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So, What's The Deal With Critical Race Theory?

Critical Race Theory Teachers
Mary Altaffer
FILE - In this May 18, 2021, file photo, a teacher, center, and her third grade students wear face masks and are seated at proper social distancing spacing during as she conducts her class in Rye, N.Y. In response to a push for culturally responsive teaching that gained steam following last year's police killing of George Floyd, Republican lawmakers and governors have championed legislation to limit the teaching of material that explores how race and racism influence American politics, culture and law. The measures have become law in Tennessee, Idaho and Oklahoma and bills have been introduced in over a dozen other states. (AP Photo/Mary Altaffer, File)

Florida has become the latest state to ban the teaching of Critical Race Theory in schools.

“It’s offensive to the taxpayer that they would be asked to fund Critical Race Theory. That they would be asked to fund teaching kids to hate their country and hate each other,” said Governor Ron DeSantis speaking to a group of supporters last month about Critical Race Theory, a concept from the 1970s that has suddenly gotten the attention of legislators in many conservative states and school districts. “I think it will cause people to think of themselves more as a member of a particular race or based on skin color rather than based on the content of their character and based on their hard work and what they’re trying to accomplish in life.”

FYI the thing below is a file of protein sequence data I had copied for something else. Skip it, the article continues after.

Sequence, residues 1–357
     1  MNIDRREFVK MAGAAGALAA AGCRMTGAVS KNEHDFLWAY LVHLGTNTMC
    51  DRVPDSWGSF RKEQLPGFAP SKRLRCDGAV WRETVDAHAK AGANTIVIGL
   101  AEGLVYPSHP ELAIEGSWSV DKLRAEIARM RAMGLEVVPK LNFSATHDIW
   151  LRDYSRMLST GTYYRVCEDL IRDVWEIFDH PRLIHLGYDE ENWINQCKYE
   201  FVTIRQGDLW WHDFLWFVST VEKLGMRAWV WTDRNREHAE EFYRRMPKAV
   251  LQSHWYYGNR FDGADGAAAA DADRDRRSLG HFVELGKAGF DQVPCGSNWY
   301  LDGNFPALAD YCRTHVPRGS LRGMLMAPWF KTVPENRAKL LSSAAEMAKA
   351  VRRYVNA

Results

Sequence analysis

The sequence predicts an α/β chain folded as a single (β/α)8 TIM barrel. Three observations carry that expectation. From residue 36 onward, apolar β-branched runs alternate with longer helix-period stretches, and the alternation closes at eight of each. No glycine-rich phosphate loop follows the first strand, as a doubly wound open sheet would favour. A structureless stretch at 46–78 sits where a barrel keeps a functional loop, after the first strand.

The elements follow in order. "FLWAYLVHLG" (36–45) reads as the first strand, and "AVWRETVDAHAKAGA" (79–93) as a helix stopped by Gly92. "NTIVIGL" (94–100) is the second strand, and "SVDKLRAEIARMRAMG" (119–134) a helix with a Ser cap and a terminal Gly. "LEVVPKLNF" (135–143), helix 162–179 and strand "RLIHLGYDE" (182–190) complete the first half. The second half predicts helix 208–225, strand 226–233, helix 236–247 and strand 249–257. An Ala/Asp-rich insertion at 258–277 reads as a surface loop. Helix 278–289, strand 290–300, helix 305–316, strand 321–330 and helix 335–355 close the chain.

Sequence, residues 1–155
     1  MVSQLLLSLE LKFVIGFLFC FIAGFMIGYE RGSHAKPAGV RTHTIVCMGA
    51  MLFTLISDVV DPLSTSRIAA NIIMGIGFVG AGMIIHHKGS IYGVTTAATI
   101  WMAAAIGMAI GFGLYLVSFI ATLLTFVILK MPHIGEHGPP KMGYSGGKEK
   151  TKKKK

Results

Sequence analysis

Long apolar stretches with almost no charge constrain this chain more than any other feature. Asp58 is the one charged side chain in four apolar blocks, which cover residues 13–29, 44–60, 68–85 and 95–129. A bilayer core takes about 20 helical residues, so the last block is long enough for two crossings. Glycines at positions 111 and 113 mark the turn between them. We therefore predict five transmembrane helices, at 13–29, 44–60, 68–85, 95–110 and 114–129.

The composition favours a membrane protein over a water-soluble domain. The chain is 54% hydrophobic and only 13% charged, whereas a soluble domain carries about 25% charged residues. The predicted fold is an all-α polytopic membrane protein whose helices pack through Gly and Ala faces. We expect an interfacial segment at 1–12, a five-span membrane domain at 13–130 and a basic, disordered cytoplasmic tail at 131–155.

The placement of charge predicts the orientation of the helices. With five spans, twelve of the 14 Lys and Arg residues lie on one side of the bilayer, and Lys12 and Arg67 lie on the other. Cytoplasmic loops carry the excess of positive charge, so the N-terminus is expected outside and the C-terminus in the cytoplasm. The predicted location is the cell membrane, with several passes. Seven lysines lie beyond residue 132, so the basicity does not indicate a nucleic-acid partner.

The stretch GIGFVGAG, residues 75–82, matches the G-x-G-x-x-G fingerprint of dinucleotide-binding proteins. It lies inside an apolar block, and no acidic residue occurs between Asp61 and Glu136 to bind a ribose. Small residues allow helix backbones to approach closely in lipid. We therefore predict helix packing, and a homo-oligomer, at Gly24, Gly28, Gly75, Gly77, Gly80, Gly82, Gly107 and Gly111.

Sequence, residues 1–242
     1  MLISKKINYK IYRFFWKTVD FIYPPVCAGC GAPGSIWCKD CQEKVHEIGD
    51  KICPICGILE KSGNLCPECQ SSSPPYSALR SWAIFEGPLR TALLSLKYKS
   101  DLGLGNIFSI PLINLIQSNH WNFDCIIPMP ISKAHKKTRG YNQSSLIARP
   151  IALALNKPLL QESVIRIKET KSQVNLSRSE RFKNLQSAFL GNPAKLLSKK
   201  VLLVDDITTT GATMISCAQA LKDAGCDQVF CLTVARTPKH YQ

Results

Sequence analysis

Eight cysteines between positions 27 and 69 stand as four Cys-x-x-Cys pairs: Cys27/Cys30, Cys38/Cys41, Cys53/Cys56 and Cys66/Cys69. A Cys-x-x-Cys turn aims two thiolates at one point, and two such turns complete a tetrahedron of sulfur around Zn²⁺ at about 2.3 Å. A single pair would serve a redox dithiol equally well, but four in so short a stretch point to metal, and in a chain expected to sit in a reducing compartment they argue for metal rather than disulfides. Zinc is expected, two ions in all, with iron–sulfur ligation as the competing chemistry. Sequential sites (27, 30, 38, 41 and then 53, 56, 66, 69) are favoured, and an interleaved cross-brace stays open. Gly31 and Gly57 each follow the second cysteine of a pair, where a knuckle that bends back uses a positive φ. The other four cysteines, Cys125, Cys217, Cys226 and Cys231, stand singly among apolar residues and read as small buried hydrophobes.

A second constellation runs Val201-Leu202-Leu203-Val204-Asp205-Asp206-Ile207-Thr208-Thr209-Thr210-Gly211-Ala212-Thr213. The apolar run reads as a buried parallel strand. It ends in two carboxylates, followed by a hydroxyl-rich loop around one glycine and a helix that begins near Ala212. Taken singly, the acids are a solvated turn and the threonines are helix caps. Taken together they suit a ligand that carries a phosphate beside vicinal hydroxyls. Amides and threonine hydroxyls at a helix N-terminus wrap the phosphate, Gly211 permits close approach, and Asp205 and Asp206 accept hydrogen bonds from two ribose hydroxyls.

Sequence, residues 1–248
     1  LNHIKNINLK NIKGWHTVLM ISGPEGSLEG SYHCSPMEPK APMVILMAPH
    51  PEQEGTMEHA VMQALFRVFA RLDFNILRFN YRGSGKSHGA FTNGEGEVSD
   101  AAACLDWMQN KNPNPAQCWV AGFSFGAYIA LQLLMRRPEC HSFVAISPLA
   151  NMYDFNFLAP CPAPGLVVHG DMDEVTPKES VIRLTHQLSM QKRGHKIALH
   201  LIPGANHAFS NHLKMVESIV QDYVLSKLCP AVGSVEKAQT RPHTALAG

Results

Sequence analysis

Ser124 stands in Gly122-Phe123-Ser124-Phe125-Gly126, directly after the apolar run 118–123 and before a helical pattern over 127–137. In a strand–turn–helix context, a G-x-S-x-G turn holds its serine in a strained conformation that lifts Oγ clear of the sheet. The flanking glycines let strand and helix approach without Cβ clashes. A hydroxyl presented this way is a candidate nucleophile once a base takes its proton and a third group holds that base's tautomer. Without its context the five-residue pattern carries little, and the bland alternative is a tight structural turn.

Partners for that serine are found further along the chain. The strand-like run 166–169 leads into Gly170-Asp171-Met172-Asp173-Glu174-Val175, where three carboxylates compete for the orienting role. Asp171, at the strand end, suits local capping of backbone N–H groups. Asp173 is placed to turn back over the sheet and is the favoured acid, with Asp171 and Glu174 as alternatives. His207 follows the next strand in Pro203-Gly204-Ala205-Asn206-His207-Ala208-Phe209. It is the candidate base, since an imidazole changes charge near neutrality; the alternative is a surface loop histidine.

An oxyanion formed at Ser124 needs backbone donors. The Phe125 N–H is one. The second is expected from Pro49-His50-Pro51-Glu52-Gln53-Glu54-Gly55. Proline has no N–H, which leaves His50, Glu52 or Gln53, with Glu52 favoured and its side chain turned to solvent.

This month, while not specifically mentioning critical race theory, the Florida Board of Education voted 8-0 to effectively ban the theory from being taught to the more than 2.8 million children enrolled in Florida public schools.

Critical Race Theory is not new. According to Rosalind Fisher, an instructor of Sociology at the University of West Florida, it started over four decades ago and was used by legal scholars “To address some inequities that existed in the law. Particularly, people were looking at issues like how the law was being applied in criminal cases, but also in equal opportunity cases. Brown vs Board of Education was one of the signature examples of critical race theory being applied.”

Listen to the full interview with Rosalind Fisher

Fisher says there are five main principles in critical race theory. One is that race is a social construction and not biological.

“The second main principle is the acknowledgment that race is a normal feature of society and that it’s embedded in many of our public policies, systems, and institutions. So race is not just about one person having a prejudice against another person. It is really the idea that racist incidents are not just random aberrations, but actually manifestations of structural and systemic racism.”

Similarly, Fisher says the third principle of critical race theory is rejecting the notion that racism is just the problem of a few bad apples.

“Actually we all have our cultural baggage, and I’m very careful to tell my students that. And to tell them that although I like to think of myself as being progressive and open-minded, that I recognize that even the materials that I choose to teach them with are chosen with my biases. Therefore it’s important for them to do a little research on their own, and for them to interrogate those materials along with me as we go through the course.”